One news source wrote that "In a hungry and slightly drunken stupor, Bowen said he walked to a West Columbia Waffle House early Thursday morning." If so, that was a safe choice and I commend him on his judgment while under the influence (aside from his choice of dining venues). If he was in a nearby bar or just walked from home, more power to him for hoofing it somewhere to satisfy his craving.

However, a different source only says he "went" to Waffle House. I understand that "went" can mean walking just as easily as driving, but here's where it gets a little more complicated (emphasis mine):

"I walked back outside to my car to look for employees," Bowen [said]. "No one in sight."

In his search for assistance he exited the Waffle House and "walked back outside to [his] car." That's supposed to be a direct quote from Bowen about his sandwich odyssey. If it's accurate, that would mean his "old friend vodka" compelled him to get behind the wheel and drive drunk to Waffle House. The whole thing is a little less cute if there's a DUI in the mix somewhere.

Further reading of the (frankly absurd) number of comments left for Bowen on his Facebook post shows that he lives roughly a block from the Waffle House, but it's still unclear if he walked or not. If he drove--even that short of a route--then he broke the law. There's no acceptable distance to drive drunk, so it seems important to know whether or not that happened.

So What's the Takeaway?

My gripe isn't really with Alex Bowen. Nobody got hurt by his antics (except the employee who was penalized for sleeping), and I can't really climb on a high horse about drunk driving without even knowing for sure that he did. The guy's Facebook wall is awash with accolades and congratulations, so for however long he gets to be the Internet's hero, I'm happy he gets the limelight. May the tide of public opinion not turn on him as so often happens nowadays.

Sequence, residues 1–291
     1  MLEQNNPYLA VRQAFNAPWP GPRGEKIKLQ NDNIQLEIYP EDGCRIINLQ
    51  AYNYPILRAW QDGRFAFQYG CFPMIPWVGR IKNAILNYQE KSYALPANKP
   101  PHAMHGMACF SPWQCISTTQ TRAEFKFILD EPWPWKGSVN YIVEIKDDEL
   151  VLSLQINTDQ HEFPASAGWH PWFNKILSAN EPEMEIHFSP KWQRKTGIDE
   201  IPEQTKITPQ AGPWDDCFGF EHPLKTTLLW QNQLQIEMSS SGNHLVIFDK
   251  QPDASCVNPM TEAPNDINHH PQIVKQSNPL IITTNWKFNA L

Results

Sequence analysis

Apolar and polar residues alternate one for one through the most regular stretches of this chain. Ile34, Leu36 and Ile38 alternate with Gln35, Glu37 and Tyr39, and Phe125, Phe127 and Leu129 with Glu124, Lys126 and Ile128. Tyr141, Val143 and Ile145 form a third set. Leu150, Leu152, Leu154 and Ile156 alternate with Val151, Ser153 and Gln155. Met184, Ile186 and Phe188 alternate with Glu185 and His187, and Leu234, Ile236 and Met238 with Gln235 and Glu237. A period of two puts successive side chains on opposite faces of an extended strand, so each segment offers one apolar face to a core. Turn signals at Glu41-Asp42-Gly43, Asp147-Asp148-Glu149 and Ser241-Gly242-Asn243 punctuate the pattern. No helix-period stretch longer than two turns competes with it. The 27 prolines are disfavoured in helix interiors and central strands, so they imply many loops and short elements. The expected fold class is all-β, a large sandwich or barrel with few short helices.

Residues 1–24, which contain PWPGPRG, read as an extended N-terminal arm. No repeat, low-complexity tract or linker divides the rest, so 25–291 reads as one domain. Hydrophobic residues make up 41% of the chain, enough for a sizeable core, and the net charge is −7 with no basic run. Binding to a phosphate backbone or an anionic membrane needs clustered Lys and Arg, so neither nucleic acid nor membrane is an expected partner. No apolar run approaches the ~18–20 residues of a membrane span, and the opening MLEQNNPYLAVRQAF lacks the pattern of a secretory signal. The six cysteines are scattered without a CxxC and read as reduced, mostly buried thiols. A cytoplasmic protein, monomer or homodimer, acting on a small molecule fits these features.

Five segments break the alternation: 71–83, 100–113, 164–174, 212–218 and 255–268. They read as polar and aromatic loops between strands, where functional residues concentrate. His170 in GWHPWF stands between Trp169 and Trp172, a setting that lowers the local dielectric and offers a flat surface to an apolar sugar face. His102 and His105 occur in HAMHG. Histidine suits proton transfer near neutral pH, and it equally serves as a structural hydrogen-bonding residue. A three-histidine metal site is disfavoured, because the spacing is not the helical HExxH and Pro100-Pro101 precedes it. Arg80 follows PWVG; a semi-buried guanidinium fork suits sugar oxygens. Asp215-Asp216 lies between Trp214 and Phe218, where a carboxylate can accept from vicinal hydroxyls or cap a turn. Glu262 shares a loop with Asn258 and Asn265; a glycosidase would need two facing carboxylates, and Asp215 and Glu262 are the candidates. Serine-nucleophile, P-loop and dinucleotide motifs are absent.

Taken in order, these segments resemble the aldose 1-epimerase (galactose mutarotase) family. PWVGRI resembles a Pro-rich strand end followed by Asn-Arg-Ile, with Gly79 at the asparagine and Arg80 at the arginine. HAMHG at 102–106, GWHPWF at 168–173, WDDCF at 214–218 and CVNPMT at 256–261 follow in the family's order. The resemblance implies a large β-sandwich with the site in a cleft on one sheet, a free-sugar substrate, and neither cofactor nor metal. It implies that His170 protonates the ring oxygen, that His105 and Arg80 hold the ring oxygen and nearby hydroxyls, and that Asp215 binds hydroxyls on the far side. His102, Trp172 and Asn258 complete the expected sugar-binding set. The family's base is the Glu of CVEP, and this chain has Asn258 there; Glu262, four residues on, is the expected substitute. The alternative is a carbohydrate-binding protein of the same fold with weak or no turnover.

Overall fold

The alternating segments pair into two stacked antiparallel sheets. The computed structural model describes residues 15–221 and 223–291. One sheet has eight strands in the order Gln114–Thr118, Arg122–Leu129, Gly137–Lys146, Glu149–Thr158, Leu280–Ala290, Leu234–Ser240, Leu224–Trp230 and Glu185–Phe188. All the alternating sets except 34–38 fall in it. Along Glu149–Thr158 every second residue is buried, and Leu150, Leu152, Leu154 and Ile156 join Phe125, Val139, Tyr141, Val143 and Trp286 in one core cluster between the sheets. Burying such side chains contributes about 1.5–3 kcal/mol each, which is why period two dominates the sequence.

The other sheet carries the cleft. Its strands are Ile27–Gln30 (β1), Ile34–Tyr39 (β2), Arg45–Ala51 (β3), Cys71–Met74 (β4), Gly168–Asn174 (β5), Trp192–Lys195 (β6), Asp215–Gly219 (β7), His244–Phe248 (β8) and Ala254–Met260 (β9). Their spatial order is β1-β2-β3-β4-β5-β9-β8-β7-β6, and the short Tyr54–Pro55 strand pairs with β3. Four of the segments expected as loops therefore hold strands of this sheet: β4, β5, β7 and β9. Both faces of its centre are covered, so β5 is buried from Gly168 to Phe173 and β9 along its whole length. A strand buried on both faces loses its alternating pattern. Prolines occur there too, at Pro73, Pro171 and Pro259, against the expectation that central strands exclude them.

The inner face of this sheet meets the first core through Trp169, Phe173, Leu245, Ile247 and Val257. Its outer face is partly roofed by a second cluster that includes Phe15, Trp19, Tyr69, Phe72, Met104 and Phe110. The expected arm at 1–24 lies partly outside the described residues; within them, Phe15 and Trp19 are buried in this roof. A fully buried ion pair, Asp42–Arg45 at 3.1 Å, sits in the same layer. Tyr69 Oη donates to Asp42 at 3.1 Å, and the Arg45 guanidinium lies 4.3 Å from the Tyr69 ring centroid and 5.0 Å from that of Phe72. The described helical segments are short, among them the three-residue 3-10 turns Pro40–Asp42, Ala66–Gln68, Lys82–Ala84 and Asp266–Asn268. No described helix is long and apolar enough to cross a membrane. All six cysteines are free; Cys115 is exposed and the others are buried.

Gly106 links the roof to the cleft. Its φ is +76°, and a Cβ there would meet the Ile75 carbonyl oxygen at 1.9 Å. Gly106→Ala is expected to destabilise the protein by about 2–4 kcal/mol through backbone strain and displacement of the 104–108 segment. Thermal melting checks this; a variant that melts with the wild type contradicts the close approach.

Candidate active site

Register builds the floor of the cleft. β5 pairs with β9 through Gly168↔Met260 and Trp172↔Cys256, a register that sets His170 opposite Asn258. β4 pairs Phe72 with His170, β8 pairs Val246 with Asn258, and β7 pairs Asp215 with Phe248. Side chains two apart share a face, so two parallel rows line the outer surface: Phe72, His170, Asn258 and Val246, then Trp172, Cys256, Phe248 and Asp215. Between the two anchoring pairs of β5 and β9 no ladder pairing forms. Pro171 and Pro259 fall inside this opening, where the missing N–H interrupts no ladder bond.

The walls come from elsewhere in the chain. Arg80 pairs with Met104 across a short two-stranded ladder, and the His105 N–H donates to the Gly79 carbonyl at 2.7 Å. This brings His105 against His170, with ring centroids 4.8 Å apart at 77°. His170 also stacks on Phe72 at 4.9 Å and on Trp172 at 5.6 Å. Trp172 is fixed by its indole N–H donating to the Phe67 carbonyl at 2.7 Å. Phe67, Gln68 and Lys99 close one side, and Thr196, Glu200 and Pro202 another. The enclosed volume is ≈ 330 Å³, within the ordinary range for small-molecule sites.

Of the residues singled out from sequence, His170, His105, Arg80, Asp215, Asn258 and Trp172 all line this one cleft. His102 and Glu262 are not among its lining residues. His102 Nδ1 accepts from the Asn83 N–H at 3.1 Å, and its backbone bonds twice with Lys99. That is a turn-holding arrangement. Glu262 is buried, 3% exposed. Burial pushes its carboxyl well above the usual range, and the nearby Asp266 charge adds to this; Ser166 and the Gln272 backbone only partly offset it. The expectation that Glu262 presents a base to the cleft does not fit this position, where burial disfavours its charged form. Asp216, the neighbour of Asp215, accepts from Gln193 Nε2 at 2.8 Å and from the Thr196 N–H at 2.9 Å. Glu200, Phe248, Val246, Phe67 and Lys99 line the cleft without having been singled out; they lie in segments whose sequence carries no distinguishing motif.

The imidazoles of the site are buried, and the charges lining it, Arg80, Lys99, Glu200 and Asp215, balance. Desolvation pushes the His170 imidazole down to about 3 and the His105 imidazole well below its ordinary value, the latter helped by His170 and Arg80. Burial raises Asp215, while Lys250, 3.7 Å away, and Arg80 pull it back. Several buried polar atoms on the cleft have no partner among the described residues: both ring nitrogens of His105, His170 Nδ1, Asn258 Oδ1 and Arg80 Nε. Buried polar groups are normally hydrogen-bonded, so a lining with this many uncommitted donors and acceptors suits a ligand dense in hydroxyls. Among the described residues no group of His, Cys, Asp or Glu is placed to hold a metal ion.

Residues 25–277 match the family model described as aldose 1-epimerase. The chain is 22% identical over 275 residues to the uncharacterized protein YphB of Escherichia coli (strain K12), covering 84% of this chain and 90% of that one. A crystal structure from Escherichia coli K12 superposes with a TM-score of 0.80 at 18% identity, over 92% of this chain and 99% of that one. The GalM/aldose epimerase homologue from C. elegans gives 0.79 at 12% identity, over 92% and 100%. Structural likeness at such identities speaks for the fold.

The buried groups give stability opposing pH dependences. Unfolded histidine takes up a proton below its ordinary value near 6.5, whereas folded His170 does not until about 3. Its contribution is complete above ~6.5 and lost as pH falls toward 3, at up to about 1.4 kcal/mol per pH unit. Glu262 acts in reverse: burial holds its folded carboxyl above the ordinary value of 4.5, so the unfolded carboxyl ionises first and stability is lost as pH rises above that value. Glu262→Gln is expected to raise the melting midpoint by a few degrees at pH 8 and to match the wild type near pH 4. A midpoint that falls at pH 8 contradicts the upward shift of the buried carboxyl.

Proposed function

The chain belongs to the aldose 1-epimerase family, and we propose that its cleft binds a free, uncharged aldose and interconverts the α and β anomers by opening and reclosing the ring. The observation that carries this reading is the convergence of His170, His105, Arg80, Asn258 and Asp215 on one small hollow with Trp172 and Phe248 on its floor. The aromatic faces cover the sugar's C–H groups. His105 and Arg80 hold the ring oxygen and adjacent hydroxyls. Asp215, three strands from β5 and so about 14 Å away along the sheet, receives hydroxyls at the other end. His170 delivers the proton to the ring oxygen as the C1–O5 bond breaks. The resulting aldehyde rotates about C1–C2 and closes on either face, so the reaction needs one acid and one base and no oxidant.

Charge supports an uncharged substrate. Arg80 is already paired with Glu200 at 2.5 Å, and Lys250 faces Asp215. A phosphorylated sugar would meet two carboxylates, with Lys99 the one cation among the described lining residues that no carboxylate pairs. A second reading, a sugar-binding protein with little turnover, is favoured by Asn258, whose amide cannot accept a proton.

If he drove drunk, though, I feel like at least a few of those incoming high-fives should be rethought. Fortune smiled on Bowen repeatedly that night, but it's never wise to bank on luck and it's never permissible to drive over a BAC of .08. I can't even say definitively that he'd had enough to put him past that limit--he was sharp enough to work an unfamiliar grill and rustle up a cheesesteak--but he emphasized he was drunk enough to make unusual decisions, so it's certainly possible.

It would really help if the various news outlets told the same story about the event. While all of them applaud him as some kind of cat-burglar hero for his stealthy sandwich-making, some indicate that he walked to the restaurant and others note his mention of a car. After looking over his Facebook page, it looks like a lot of the material they used was scraped from the comment conversations he had with people in that original post. Perhaps his story altered a little along the way when he realized the DUI implications, but journalists could have gotten in touch with him to determine the truth one way or the other.

In the end this tale is a little less carpe diem and more caveat emptor--buyer beware. I was all set to tear this guy a new one for driving drunk, since none of the news seemed to care about holding him accountable for a dangerous decision that takes thousands of lives a year. Now I'm not sure if that happened, and that's a major detail to get right when reporting.

It's not always goofy stories about sandwiches where important facts get twisted, either. Thanks to the cutthroat competition spurred by the Internet, news sources rush to deliver whatever "facts" they can scrape up without taking the time to verify the information coming to them. It has happened repeatedly with many of the tragic mass killings over the last decade, and most certainly plays a prominent role in our political climate, giving rise to the common refrain of "fake news" made popular by our commander-in-chief. Mistakes happen regularly, and whether one believes that's a big deal in the case of something as harmless as a Waffle House run, it's still an indictment of modern journalism that it seems so comfortable improvising the truth until it knows for sure.